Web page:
[OUTPUT]        dcdfile = output/run_eq1.dcdrstfile = output/run_eq1.rstfepfile = output/run_eq1.fepout[ALCHEMY]fep_direction = Forwardfep_topology  = HybridsingleA       = 1singleB       = 2dualA         = 3dualB         = 4fepout_period = 0equilsteps    = 0sc_alpha      = 5.0sc_beta       = 0.5lambljA       = 1.0 1.0lambljB       = 1.0 1.0lambelA       = 1.0 1.0lambelB       = 1.0 1.0lambbondA     = 1.0 1.0lambbondB     = 1.0 1.0

Subsequently, we perform NPT equilibration with restraints (100 ps) and long NPT equilibration without restraints (1 ns). In those simulations, [ALCHEMY] is the same as the heating. After the simulations, please check the log files and watch the trajectories using VMD.

# Perform equilibration with positional restraints
$/home/user/GENESIS/bin/spdyn -np 8 input/run_eq2.inp > output/run_eq2.out # Perform equilibration without the restraints$ /home/user/GENESIS/bin/spdyn -np 8 input/run_eq3.inp > output/run_eq3.out

7. $$\lambda$$-exchange FEP simulation

In this step, we perform the production run of FEP simulations. To enhance the sampling efficiency, the FEP simulations at different $$\lambda$$ values are coupled using the Hamiltonian replica exchange method [7,8]. We prepare 12 replicas in this tutorial. Two of them corresponds to the initial and final states, while the other 10 replicas correspond to intermediate states. 12 replicas run in parallel and exchange their parameters at fixed intervals during the simulation. Exchanges between adjacent replicas are accepted or rejected according to Metropolis’s criterion.

The following command generates input files for $$\lambda$$-exchange FEP simulations:

# Execute the shell script for generation of input files$sh make_inp.sh This script generates five input files (run_fep1.inp to run_fep5.inp). Each file is for a 1-ns FEP simulation. By using them in a sequential order, we can perform 5-ns simulations in total. For convenience in this tutorial, we here use only run_fep1.inp (i.e., only a 1-ns simulation is performed). The following command executes the simulation: # Execute the control file for the lambda-exchange FEP simulation# 8 MPI processes per replica, i.e. 8 * 12 = 96 processes are used here$ /home/user/GENESIS/bin/spdyn -np 96 input/run_fep1.inp > output/run_fep1.out

The most important parts in run_fep1.inp are shown below. In the $$\lambda$$-exchange FEP simulation, [REMD] section is also required. type1 is set to alchemy to exchange $$\lambda$$ values. exchange_period should be multiples of fepout_period. In [ALCHEMY] section, fep_direction is set to ‘Bothsides’. If ‘Bothsides’ is specified, the energy differences between adjacent replicas are calculated in each replica. For example, consider replica i. The energy differences between i and i-1 and between i and i+1 are calculated and outputted to the file specified by ‘fepfile’ at the fixed intervals specified by ‘fepout_period’. Figure 7 shows an example of fepfile of replica 2 (window 2). The fepfile are used to calculate the free energy in next section “8. Analysis”. The $$\lambda$$ values for each replica are specified by lambljA, lambljB, lambelA, lambelB, lambbondA, and lambbondB. The leftmost column of the $$\lambda$$ values corresponds to the parameters for the initial state (i.e., L8), the rightmost column corresponds to the parameters for the final state (i.e., L9), and the other columns correspond to the parameters for the intermediate states. In this tutorial, we change lambljA, lambljB, lambelA, lambelB, lambbondA, and lambbondB along replica IDs as shown in Figure 8.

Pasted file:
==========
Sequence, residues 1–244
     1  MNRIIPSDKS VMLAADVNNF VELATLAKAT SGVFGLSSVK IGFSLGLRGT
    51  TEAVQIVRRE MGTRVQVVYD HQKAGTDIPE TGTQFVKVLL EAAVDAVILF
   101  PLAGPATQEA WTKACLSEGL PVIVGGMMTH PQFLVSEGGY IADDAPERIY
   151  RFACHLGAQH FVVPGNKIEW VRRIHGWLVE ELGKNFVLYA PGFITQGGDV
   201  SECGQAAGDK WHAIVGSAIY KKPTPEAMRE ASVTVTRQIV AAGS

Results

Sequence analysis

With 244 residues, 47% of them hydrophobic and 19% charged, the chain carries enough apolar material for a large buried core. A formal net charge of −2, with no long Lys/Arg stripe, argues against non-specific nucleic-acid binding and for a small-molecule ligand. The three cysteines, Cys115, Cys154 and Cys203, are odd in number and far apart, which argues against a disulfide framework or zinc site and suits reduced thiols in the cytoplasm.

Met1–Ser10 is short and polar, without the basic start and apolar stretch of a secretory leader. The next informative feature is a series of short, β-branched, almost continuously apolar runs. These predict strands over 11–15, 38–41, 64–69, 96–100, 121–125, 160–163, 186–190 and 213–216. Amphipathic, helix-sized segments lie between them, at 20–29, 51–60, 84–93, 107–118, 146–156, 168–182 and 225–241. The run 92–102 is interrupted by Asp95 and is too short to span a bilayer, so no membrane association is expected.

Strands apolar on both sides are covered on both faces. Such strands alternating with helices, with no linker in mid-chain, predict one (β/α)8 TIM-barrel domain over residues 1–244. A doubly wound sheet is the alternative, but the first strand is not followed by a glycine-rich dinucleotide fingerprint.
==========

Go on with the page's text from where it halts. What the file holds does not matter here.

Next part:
[REMD] dimension = 1exchange_period = 800type1 = alchemynreplica1 = 12[ALCHEMY] fep_direction = BothSidesfep_topology = hybridsingleA = 1singleB = 2dualA   = 3dualB   = 4fepout_period = 400equilsteps = 0sc_alpha   = 5.0sc_beta    = 5.0lambljA    = 1.0   0.909 0.818 0.727 0.636 0.545 0.455 0.364 0.273 0.182 0.091 0.0lambljB    = 0.0   0.091 0.182 0.273 0.364 0.455 0.545 0.636 0.727 0.818 0.909 1.0lambelA    = 1.0   0.909 0.818 0.727 0.636 0.545 0.455 0.364 0.273 0.182 0.091 0.0lambelB    = 0.0   0.091 0.182 0.273 0.364 0.455 0.545 0.636 0.727 0.818 0.909 1.0lambbondA  = 1.0   0.909 0.818 0.727 0.636 0.545 0.455 0.364 0.273 0.182 0.091 0.0lambbondB  = 0.0   0.091 0.182 0.273 0.364 0.455 0.545 0.636 0.727 0.818 0.909 1.0lambrest   = 1.0   1.0   1.0   1.0   1.0   1.0   1.0   1.0   1.0   1.0   1.0   1.0